School Leaders

1.Developing the school as a learning community with a positive school climate

2.Increasing student and teacher motivation

3.Communicating with students

4.Creating opportunities for teacher professional development

5. Considering aspects of leadership style

Teachers

Curriculum

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Outline:

Learning community

Colleague communication

Knowing students well

Understand culture

Linguistic coaching

Issues of time

Ownership of learning

Site based management

 

 

 

 

 

 

 

 

 

 

 

 

 

 

 

 

 

 

 

 

 

 

 

 

 

 

 

 

 

 

 

 

 

 

 

 

 

 

 

 

 

 

 

 

 

 

 

 

 

 

 

 

 

 

 

 

 

 

 

 

 

 

 

 

 

 

 

 

 

 

 

 

 

 

 

 

 

 

 

 

 

 

 

 

 

 

 

 

 

 

 

 

 

 

 

 

 

 

 

 

 

 

 

 

 

 

 

 

 

 

 

 

School Leaders

4) Creating opportunities for teacher learning and professional development,

In order to make positive change occur, all leaders and teachers must be on board. School leaders must create and promote teacher professional development and learning experiences. Teachers need to feel that "they belong to a common community within which they have a sense of ownership, efficacy, and power leading to real commitment and responsibility" (Graves, 1992, p. 63). Teachers need to have a sense if ownership in and commitment to resolving issues related to practices that impact student dropout. School leaders must be committed to all learning as a clearly set goal for the vision and mission of the school; teacher learning is valuable in increasing educational success for students. Students who are successful in school with be less likely to choose to dropout prior to the completion of their studies.

In her study, Tompkins (1998) describes how her school was able to increase attendance of her students once those working in the school had decided that it was both necessary and possible to tackle this problem. To build this type of community, leaders must provide opportunities for teachers to interact with others under circumstances that maximises enjoyment and allows for information exchange and joint problem solving (Graves, 1992) The professional development that Tompkins (1998) talks of was connected to the teachers' everyday work and became meaningful instead of fragmented from reality. Ongoing professional development that is interwoven into daily teaching is very important when teachers want to transfer their knowledge from the seminar to the classroom.

Within learning communities, teachers can work together to find ways to decrease instances of dropout. Pierce (1994) writes that teachers can decrease the risk factors involved in learning and increase students’ level of academic achievement by creating practices and structures in the classroom more conducive to success. According to Backes (1993) there is a mismatch between learning styles and teaching methods that may influence the dropout rate among American Indians; if this is the case, teachers of Inuit students should examine how their current teaching strategies and classroom structures are affecting dropout rates. Teachers need to be willing to work together to solve these difficult problems.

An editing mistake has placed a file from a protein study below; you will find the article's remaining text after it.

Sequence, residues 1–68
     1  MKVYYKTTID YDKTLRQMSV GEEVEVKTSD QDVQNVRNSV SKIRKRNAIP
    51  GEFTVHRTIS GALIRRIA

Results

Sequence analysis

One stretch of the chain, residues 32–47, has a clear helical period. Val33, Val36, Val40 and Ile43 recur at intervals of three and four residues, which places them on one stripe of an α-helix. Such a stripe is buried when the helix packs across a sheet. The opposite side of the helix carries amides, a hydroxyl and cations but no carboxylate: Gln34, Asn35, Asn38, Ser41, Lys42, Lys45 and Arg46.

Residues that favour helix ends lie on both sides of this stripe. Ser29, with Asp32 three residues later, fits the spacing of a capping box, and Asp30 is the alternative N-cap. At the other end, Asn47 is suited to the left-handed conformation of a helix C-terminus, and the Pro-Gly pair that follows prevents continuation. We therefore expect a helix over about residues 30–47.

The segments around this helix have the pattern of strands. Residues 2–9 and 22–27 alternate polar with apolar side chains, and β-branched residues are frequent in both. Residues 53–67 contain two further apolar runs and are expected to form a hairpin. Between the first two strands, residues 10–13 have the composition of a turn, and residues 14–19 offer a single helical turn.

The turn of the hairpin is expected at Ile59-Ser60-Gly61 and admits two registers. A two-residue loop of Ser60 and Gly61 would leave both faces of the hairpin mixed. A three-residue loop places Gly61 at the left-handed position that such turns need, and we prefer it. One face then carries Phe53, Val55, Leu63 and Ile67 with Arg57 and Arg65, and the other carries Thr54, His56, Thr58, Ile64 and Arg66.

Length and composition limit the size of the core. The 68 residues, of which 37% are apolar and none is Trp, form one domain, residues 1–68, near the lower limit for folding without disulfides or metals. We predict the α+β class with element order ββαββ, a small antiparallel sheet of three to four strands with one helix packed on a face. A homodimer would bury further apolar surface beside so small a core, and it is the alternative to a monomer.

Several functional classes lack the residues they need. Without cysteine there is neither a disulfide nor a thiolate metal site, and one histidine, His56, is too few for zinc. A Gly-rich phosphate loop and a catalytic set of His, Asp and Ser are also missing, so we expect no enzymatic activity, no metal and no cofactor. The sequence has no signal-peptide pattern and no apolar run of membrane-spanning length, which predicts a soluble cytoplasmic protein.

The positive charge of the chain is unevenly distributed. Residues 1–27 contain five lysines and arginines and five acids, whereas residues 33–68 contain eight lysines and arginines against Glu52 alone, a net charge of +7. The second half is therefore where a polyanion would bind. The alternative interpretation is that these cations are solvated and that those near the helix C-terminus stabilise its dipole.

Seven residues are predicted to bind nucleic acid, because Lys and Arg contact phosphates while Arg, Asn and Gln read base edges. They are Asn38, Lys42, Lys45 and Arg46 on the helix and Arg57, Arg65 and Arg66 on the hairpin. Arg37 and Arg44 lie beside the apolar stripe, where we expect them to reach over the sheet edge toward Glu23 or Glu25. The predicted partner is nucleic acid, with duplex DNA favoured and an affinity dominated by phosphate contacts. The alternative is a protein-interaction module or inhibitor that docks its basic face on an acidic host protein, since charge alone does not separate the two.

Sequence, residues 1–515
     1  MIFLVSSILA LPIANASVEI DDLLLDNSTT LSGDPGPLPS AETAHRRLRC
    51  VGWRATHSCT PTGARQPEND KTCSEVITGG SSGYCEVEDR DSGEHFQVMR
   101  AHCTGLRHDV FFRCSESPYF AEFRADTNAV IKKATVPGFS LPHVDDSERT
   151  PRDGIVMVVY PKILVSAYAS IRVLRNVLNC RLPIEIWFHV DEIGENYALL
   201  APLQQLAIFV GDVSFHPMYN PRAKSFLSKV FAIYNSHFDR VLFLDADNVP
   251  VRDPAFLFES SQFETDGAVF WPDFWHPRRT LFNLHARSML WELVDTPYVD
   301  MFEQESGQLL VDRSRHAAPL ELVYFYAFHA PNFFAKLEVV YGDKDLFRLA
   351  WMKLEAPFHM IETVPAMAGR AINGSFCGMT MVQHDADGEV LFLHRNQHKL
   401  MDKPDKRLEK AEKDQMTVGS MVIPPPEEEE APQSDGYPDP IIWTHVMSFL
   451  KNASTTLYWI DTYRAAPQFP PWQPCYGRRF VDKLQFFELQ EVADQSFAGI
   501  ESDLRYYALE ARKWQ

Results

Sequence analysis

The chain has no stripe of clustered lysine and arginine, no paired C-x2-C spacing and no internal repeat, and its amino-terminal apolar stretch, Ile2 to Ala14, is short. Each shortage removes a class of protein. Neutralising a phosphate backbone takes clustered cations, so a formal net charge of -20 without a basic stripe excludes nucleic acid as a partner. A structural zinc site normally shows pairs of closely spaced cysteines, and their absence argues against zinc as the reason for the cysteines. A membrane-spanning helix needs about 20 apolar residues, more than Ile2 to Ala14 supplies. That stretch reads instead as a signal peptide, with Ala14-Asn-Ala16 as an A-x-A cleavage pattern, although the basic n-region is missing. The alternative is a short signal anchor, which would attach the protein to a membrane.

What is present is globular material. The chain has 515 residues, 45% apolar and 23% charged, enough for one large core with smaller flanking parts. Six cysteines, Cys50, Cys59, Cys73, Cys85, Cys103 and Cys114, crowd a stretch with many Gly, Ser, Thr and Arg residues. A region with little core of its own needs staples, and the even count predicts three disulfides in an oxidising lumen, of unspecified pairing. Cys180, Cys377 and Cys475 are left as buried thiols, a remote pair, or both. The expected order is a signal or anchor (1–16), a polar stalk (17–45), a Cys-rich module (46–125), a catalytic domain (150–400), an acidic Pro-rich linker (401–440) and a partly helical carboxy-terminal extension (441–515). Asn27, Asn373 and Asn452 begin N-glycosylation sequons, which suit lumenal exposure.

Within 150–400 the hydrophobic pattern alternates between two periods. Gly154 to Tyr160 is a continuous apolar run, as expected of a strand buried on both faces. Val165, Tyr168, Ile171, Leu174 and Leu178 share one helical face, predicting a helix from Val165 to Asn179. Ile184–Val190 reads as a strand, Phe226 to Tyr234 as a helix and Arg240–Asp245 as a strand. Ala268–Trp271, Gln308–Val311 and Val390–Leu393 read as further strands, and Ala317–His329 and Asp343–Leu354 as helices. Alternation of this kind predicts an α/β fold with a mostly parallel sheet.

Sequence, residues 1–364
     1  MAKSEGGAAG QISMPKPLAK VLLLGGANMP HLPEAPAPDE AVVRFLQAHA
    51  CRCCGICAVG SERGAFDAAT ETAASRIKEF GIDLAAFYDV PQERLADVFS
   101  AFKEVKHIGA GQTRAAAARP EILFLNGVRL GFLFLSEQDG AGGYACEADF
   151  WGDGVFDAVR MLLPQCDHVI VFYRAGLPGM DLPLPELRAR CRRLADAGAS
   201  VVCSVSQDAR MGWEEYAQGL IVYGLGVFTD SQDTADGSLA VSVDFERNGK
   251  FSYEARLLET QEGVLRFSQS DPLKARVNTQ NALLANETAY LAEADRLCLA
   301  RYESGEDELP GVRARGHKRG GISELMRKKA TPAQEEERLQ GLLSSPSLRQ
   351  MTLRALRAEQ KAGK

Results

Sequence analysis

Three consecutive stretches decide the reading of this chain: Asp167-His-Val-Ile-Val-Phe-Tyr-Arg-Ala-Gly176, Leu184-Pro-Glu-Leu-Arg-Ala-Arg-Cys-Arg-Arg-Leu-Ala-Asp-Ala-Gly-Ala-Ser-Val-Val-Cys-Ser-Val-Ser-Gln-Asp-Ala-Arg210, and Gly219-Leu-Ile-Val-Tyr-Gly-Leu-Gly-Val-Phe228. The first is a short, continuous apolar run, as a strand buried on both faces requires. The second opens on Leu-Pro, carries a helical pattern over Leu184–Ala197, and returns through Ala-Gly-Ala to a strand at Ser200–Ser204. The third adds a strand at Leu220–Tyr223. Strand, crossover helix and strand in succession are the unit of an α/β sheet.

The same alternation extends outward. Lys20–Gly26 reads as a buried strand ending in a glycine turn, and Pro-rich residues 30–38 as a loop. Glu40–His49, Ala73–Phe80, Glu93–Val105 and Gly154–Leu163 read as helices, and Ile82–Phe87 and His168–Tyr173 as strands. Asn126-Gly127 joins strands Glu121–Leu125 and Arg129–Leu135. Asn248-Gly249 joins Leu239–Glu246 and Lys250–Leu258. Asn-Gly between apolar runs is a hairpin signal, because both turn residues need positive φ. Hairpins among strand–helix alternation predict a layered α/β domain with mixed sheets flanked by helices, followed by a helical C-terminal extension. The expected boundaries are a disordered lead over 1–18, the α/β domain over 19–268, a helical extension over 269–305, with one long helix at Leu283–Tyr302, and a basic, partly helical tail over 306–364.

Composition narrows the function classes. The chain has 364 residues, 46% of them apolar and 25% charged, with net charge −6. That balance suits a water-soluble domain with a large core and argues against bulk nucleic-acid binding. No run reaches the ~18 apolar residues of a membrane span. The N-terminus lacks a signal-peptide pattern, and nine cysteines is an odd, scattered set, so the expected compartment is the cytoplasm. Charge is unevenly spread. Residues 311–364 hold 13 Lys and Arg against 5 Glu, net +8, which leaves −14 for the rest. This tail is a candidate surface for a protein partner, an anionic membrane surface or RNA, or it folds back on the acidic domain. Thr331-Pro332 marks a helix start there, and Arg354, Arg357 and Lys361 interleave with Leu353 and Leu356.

Teachers must learn to communicate effectively with one another: "Developing a staff’s capacities for talking together professionally is not magic bullet. But it may be the single most significant investment faculties can make for student learning" (Garmston & Wellman, 1998, p. 30). Garmston & Wellman (1998) state that teachers must learn and practice two different ways of talking, dialogue and discussion, to make critical decisions that affect student learning. Leaders can encourage positive communication providing opportunities for these skills to be learned and by allowing time for them to be practised. Garmston & Wellman (1994) give suggestions for leaders on how to get this type of dialogue started in the schools.

Darling-Hammond (1998) echoes the importance of teacher learning that supports student learning. Her article suggests that students will benefit when teachers understand the material deeply and flexibly so that they can help students see connections across fields and into everyday life: "Teaching in ways that connect with students also requires an understanding of differences that may arise from culture, family experiences, developed intelligences and approaches to learning" (Darling-Hammond, 1998, p. 7). To motivate students to come to school and work hard when in school, requires that teachers know their students well. Teachers must have an understanding of what individual students think about themselves, what they care about and what activities and learning experiences will give them success to work hard to learn (Darling-Hammond, 1998). Leaders can foster this understanding of Inuit students in remote communities by allowing teachers to learn from each other and discuss all influences on student development including cultural aspects and learning needs.